The EESC issues between 160 and 190 opinions and information reports a year.
It also organises several annual initiatives and events with a focus on civil society and citizens’ participation such as the Civil Society Prize, the Civil Society Days, the Your Europe, Your Say youth plenary and the ECI Day.
The EESC brings together representatives from all areas of organised civil society, who give their independent advice on EU policies and legislation. The EESC's326 Members are organised into three groups: Employers, Workers and Various Interests.
The EESC has six sections, specialising in concrete topics of relevance to the citizens of the European Union, ranging from social to economic affairs, energy, environment, external relations or the internal market.
The European Economic and Social Committee calls on the European institutions to consider water as a priority and to adopt an EU Blue Deal as a standalone strategic policy, on an equal footing with the EU Green Deal.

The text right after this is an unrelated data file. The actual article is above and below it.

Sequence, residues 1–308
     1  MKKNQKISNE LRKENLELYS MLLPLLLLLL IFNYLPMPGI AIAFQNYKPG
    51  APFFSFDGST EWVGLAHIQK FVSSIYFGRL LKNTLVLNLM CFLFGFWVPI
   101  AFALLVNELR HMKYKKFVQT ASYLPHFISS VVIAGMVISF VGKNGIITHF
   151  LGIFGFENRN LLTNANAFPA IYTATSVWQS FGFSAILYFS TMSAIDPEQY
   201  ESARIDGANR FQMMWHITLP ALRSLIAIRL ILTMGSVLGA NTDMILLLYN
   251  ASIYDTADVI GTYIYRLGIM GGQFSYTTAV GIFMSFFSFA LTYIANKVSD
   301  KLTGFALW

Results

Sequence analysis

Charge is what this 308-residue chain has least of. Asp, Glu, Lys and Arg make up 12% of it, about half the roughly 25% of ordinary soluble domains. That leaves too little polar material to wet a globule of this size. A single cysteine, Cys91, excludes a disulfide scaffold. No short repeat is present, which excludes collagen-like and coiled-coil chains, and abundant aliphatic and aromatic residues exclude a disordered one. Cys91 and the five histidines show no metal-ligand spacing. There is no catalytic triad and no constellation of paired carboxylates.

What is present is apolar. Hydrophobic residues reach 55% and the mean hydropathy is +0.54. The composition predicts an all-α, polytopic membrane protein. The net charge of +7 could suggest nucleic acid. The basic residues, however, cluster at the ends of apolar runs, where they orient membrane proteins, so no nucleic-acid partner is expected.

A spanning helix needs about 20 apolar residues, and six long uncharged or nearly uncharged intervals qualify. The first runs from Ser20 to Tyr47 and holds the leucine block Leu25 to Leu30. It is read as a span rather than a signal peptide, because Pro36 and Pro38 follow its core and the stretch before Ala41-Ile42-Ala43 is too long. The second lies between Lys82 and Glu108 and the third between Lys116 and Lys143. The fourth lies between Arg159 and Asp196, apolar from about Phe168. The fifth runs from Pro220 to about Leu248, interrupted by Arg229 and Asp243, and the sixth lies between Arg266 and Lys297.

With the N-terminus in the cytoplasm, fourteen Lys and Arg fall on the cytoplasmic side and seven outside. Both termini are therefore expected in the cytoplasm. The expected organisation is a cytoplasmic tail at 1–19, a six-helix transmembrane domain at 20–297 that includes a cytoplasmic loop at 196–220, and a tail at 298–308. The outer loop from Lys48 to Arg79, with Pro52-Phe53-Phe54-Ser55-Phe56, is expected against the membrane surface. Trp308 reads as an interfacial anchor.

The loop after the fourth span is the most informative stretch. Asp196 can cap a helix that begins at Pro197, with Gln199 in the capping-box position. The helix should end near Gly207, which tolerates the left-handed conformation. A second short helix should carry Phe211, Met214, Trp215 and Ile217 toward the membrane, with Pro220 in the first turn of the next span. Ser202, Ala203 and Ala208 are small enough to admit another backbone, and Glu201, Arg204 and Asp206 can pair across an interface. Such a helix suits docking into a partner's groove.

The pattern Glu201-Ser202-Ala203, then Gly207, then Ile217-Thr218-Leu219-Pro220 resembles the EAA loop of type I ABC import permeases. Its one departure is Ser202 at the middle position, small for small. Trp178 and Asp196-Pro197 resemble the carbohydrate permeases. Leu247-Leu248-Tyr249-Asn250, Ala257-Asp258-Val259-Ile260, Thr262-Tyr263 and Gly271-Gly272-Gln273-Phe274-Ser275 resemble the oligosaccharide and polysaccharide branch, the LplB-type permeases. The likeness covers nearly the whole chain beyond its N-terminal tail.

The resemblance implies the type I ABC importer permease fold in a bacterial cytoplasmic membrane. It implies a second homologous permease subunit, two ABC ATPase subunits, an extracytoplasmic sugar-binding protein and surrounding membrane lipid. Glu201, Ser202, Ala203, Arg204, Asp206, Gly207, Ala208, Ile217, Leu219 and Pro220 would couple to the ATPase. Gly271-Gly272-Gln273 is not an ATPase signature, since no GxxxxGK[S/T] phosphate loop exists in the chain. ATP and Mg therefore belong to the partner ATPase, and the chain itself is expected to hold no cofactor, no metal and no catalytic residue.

This study investigates the major climate-related risks for households in the EU by quantifying the relationship between a set of selected climate-hazards metrics, households’ income by source, and sector-specific expenditures, capturing both the climate induced cost of impacts and adaptation measures. This analysis is complemented with the assessment of mitigation policy costs for households using a mixed modelling approach.
This study identifies key barriers to accelerating the renovation rate in the residential building sector and to implementing the Minimum Energy Performance Standards (MEPS). It provides a summary of, and recommendations for, overcoming these obstacles.
In their consultative work, the European Economic and Social Committee and the European Committee of the Regions have long been committed to sustainable development and fighting climate change. However, are we actually putting our recommendations into practice inside our own offices?
To ensure that the Committees act as environmentally as possible, since 2008 we have been engaged in setting up an EMAS-compliant environmental management system.
The study provides an overview of the extent to which a selection of national post-COVID-19 Recovery and Resilience Plans have adopted the principles of wellbeing economy and sustainable development. A key focus of the report is assessing the extent to which representatives of civil society have contributed to the plans and on their envisaged future role in the implementation of the planned reforms and investments.